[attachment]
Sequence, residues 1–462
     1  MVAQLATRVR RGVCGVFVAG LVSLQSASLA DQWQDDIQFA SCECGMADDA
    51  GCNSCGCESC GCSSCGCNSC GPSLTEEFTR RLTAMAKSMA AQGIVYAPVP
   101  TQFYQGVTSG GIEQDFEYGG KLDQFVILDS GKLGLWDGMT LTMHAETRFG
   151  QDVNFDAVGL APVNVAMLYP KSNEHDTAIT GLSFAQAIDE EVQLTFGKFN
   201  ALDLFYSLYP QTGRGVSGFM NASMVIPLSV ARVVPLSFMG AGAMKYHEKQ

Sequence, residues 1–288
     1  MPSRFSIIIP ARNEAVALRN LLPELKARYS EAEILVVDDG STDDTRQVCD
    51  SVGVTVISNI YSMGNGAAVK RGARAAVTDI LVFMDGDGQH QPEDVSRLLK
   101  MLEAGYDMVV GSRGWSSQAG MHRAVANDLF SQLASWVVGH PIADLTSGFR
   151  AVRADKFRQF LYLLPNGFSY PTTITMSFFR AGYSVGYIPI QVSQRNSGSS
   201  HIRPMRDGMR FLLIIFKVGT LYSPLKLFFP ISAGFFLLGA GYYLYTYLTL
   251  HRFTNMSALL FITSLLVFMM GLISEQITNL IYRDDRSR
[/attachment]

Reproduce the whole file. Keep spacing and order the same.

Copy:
Sequence, residues 1–462
     1  MVAQLATRVR RGVCGVFVAG LVSLQSASLA DQWQDDIQFA SCECGMADDA
    51  GCNSCGCESC GCSSCGCNSC GPSLTEEFTR RLTAMAKSMA AQGIVYAPVP
   101  TQFYQGVTSG GIEQDFEYGG KLDQFVILDS GKLGLWDGMT LTMHAETRFG
   151  QDVNFDAVGL APVNVAMLYP KSNEHDTAIT GLSFAQAIDE EVQLTFGKFN
   201  ALDLFYSLYP QTGRGVSGFM NASMVIPLSV ARVVPLSFMG AGAMKYHEKQ

Sequence, residues 1–288
     1  MPSRFSIIIP ARNEAVALRN LLPELKARYS EAEILVVDDG STDDTRQVCD
    51  SVGVTVISNI YSMGNGAAVK RGARAAVTDI LVFMDGDGQH QPEDVSRLLK
   101  MLEAGYDMVV GSRGWSSQAG MHRAVANDLF SQLASWVVGH PIADLTSGFR
   151  AVRADKFRQF LYLLPNGFSY PTTITMSFFR AGYSVGYIPI QVSQRNSGSS
   201  HIRPMRDGMR FLLIIFKVGT LYSPLKLFFP ISAGFFLLGA GYYLYTYLTL
   251  HRFTNMSALL FITSLLVFMM GLISEQITNL IYRDDRSR